• The strange power of images, abstractions of reality requiring the viewer to creatively engage, rebuilding time and space in their imagination, informed by experience and understanding.
  • The way digital images exist as data, requiring software and hardware to visualise, making the realisation of images, and their meaning, subject to endless variables. What happens between the lens and the screen?
  • Machine learning algorithms are the key emerging technology of our era, defining how we interact through computers in daily life. They are in equal parts fascinating and banal, reassuring and terrifying. They will infuse the media tools of the future and need to be understood.

How do you imagine that the work emerging from the Fellowship might be staged in a showcase/ open studio event (or other experience)?

An important part of my practice is processing and communicating the ideas that interest me through my work. I would use the fellowship to develop ways of using lens-based art to make these ideas engaging to a broad audience.

I foresee an experience similar to the Birmingham Camera Obscura which we have described as “a machine for making smiles”. This simple device shows a vivid image of its surroundings that is simultaneously real and unreal and leads to many questions and discussions about light and image-making.

I would strive to make a work that has a similar effect, creating a joyful confusion followed by a desire for explanation, focused on the power of creating abstractions of truth.

I am inspired by sound-artist Brian Duffy who became obsessed with how circuit-bending electronic toys let him work with ideas from systems theorist Buckminster Fuller. His initial cacophonous works saw audiences fleeing with horror, so he started The Modified Toy Orchestra, a joyful Kraftwerk-esque ensemble that made people very happy and willing to seek out his ideas.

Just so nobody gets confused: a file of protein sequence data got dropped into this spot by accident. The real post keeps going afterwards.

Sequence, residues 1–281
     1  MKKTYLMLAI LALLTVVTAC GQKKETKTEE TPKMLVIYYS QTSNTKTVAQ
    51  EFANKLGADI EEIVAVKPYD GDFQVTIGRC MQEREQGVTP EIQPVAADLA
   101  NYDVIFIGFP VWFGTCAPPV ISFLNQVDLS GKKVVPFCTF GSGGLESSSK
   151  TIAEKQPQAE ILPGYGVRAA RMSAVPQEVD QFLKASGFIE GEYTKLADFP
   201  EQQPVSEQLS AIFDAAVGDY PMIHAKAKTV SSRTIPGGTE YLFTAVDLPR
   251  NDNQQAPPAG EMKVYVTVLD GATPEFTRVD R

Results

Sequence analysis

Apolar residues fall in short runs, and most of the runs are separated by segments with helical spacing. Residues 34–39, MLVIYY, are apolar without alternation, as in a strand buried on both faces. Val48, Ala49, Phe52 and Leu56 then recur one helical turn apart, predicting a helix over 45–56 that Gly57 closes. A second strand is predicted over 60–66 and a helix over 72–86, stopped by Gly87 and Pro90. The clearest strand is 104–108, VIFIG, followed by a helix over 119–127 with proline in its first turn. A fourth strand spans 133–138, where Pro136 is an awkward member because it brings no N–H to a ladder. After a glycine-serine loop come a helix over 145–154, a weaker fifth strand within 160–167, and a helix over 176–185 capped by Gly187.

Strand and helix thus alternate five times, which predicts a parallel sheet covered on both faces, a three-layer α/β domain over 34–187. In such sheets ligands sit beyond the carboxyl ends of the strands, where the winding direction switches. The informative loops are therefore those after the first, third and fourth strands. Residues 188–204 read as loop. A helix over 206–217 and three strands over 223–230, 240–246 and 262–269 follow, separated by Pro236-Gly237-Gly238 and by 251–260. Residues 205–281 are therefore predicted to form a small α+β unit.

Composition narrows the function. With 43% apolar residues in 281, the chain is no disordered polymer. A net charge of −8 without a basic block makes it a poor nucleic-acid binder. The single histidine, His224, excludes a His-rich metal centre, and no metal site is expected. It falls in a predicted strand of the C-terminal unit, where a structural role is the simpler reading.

Much of the work I see dealing with post-Snowden surveillance culture and algorithmic capitalism tends to be terrifying, and often with good reason, but sometimes to the detriment of having an effect. I would like to create something interactive, enjoyable and empowering, that deals with issues that sometimes feel beyond us by making them understandable.

What is your proposed format and content for a practical workshop open to the public?

I like to regularly deliver practical workshops, to schools, the general public and other artists, that are related to my art practice as I find they keep me grounded and focused. As such I have a range of formats and contents to draw on.

The format would likely use cameras as the foundation, a familiar artistic tool found in most pockets, drawing on aspects from the following:

  • A drop-in camera obscura workshop, using cardboard and plastic magnifying glasses to create working cameras that focus light into images, demystifying the camera in one’s pocket.
  • A “speculative cameras” workshop, exploring tools and methods for capturing the world such as photogrammetry, infrared, lidar, slow-mo, slit-scan, etc.
  • Further development of AI for Artists, a discussion-based workshop. Run for the Art AI festival in Leicester, this looked at how artists have embraced and interrogated open-source machine learning tools, which I am keen to develop.

The content for the workshop will emerge from the work but might explore how individuals can draw radically different conclusions from the same experiences, to the point where discussion seems impossible. I would like participants to deal with filter bubbles, confirmation bias, tribalism and other things that issues, such as Brexit, have brought to the fore.

Activities will encourage participants to engage with how we seek truth and shared understanding, to develop news ways of seeing in a post-truth world.


Ends.